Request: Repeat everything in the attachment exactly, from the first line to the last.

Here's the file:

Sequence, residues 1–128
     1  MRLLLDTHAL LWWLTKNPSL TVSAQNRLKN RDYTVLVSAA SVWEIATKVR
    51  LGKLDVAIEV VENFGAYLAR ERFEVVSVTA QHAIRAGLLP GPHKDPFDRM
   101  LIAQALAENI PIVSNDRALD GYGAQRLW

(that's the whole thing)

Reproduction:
Sequence, residues 1–128
     1  MRLLLDTHAL LWWLTKNPSL TVSAQNRLKN RDYTVLVSAA SVWEIATKVR
    51  LGKLDVAIEV VENFGAYLAR ERFEVVSVTA QHAIRAGLLP GPHKDPFDRM
   101  LIAQALAENI PIVSNDRALD GYGAQRLW